WASHINGTON – The Senate Intelligence Committee — in a major split with its House counterpart — said Wednesday that it agrees with U.S. intelligence agencies' assessment that the Russian government tried to help Donald Trump and hurt Hillary Clinton by meddling in the 2016 election.
That bipartisan conclusion was announced by Chairman Richard Burr, R-N.C., and Vice Chairman Mark Warner, D-Va., in a statement after a closed hearing with former director of national intelligence James Clapper, former CIA director John Brennan and former National Security Agency director Mike Rogers.
The Senate committee's agreement with the intelligence agencies stands in stark contrast to the House Intelligence Committee, where the Republican majority disputed the conclusion that the Russians tried to help Trump defeat Clinton.
"The first task in our inquiry was to evaluate the intelligence community’s work on this important piece of analysis," Burr said, referring to a report in January 2017 by U.S. intelligence agencies.
"Committee staff have spent 14 months reviewing the sources, tradecraft and analytic work, and we see no reason to dispute the conclusions," Burr said. "There is no doubt that Russia undertook an unprecedented effort to interfere with our 2016 elections."
Warner said the committee's investigation showed that the intelligence agencies did "a very good job" in a short amount of time in assessing Russia's actions and motives for meddling in the election.
"The Russian effort was extensive, sophisticated and ordered by (Russian) President Putin himself for the purpose of helping Donald Trump and hurting Hillary Clinton," Warner said.
"In order to protect our democracy from future threats, we must understand what happened in 2016," Warner said. "And while our committee’s investigation remains ongoing, one thing is already abundantly clear — we have to do a better job in the future if we want to protect our elections from foreign interference."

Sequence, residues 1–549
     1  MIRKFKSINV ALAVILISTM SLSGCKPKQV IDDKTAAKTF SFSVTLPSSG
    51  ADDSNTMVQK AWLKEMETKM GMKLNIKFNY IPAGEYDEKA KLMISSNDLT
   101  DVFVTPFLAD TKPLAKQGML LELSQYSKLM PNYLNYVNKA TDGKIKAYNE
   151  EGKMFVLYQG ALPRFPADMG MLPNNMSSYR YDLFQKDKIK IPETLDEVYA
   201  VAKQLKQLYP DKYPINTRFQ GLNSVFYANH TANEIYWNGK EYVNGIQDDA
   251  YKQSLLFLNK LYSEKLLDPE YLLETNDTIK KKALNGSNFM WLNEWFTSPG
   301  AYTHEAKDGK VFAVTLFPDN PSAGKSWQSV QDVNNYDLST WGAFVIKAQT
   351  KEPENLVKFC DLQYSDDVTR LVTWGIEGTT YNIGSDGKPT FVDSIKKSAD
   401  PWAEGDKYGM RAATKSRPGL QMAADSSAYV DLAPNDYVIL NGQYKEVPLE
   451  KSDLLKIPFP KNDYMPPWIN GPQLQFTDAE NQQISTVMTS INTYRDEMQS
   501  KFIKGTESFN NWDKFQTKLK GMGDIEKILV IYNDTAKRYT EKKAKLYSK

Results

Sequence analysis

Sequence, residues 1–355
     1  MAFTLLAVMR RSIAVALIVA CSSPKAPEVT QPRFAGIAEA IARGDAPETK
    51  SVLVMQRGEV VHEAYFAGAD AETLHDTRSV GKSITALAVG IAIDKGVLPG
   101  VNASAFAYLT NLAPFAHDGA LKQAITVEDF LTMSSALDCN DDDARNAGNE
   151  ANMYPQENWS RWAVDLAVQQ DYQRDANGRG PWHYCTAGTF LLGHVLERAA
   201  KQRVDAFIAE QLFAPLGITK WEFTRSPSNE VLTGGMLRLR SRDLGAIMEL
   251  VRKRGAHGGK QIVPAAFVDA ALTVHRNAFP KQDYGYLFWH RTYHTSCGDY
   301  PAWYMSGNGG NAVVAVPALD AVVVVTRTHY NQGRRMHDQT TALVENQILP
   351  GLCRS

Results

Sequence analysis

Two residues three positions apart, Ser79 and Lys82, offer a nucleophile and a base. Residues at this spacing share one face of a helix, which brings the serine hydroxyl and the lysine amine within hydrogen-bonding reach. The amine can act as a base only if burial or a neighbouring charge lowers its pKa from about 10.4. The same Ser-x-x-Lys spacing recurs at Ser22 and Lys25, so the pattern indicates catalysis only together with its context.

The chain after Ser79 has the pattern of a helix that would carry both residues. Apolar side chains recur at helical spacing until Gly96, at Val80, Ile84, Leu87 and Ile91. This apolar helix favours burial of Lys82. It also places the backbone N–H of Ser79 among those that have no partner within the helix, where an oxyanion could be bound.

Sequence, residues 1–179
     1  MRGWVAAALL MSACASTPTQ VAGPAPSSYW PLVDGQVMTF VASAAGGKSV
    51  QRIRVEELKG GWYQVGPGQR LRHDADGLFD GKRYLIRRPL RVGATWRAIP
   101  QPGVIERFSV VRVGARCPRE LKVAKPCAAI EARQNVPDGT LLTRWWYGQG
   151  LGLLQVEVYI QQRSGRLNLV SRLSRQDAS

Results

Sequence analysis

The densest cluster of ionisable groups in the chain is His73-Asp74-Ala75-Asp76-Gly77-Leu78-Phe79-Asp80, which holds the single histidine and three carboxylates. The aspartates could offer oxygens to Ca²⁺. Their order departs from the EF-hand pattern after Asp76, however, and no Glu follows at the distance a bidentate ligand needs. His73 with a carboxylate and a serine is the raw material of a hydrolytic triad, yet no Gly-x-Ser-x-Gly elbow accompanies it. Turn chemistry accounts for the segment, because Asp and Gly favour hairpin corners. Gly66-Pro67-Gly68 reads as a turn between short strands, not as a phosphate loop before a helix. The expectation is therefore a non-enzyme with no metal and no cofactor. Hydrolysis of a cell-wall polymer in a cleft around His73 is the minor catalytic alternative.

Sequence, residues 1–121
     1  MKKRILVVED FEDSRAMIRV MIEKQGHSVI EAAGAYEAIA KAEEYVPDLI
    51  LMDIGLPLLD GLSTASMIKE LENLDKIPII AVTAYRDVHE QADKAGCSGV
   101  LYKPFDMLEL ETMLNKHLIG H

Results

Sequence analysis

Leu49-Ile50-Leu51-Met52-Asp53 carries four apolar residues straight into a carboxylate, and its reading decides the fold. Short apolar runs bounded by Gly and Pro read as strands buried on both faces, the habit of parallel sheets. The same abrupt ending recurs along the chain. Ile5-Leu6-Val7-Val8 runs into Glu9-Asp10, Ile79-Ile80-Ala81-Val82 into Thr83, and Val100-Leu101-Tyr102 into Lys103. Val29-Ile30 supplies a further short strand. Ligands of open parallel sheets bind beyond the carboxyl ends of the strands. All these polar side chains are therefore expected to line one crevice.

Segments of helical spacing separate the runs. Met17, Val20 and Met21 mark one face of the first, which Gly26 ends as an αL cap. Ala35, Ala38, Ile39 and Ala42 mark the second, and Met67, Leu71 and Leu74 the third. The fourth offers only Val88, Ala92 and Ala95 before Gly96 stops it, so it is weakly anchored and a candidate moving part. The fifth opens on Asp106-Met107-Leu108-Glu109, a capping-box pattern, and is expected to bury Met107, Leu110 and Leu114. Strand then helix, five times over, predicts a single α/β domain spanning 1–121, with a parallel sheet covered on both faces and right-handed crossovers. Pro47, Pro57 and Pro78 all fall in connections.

Republicans on the House committee said U.S. intelligence agencies failed to prove their conclusion that Russian President Vladimir Putin tried to help Trump beat Clinton. Clinton questioned the legitimacy of Russian elections while she was secretary of State, angering Putin.
Republicans on the House committee ended their inquiry in March after concluding there was no collusion between the Trump campaign and the Kremlin. Democrats strongly disagreed and continued to investigate on their own.
Democrats on the House committee said Wednesday that they agree with the conclusion reached by the Senate panel. House Republicans had no immediate comment.
"I fully concur with the conclusion of the bipartisan leaders of the Senate Intelligence Committee that the (intelligence community's) determination that Russia sought to help the Trump campaign, hurt Hillary Clinton and sow discord in the United States is fully supported by the evidence," said Rep. Adam Schiff of California, the senior Democrat on the House committee.
The Senate committee, which remained bipartisan in its investigation, is still looking into whether there was collusion between the Trump campaign and the Russians.
Burr said he expects the panel's staff to draft a final report in August, while Congress is in recess. The earliest that senators are likely to release the report would be September.
One of the report's chapters will go into greater detail about why the committee agrees with the intelligence agencies' report in 2017.
"I look forward to completing the committee’s inquiry and issuing our findings and recommendations to the American people," Burr said.